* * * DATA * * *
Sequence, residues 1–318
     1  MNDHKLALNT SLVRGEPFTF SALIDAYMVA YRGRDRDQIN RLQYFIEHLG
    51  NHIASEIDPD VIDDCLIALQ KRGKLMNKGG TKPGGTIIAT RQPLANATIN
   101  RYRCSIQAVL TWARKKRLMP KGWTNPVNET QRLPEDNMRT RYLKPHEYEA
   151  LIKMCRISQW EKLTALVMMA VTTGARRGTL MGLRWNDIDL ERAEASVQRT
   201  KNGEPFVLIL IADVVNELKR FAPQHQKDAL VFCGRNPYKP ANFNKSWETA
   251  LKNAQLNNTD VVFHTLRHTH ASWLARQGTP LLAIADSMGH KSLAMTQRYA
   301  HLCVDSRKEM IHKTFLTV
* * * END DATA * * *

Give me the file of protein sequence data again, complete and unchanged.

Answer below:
Sequence, residues 1–318
     1  MNDHKLALNT SLVRGEPFTF SALIDAYMVA YRGRDRDQIN RLQYFIEHLG
    51  NHIASEIDPD VIDDCLIALQ KRGKLMNKGG TKPGGTIIAT RQPLANATIN
   101  RYRCSIQAVL TWARKKRLMP KGWTNPVNET QRLPEDNMRT RYLKPHEYEA
   151  LIKMCRISQW EKLTALVMMA VTTGARRGTL MGLRWNDIDL ERAEASVQRT
   201  KNGEPFVLIL IADVVNELKR FAPQHQKDAL VFCGRNPYKP ANFNKSWETA
   251  LKNAQLNNTD VVFHTLRHTH ASWLARQGTP LLAIADSMGH KSLAMTQRYA
   301  HLCVDSRKEM IHKTFLTV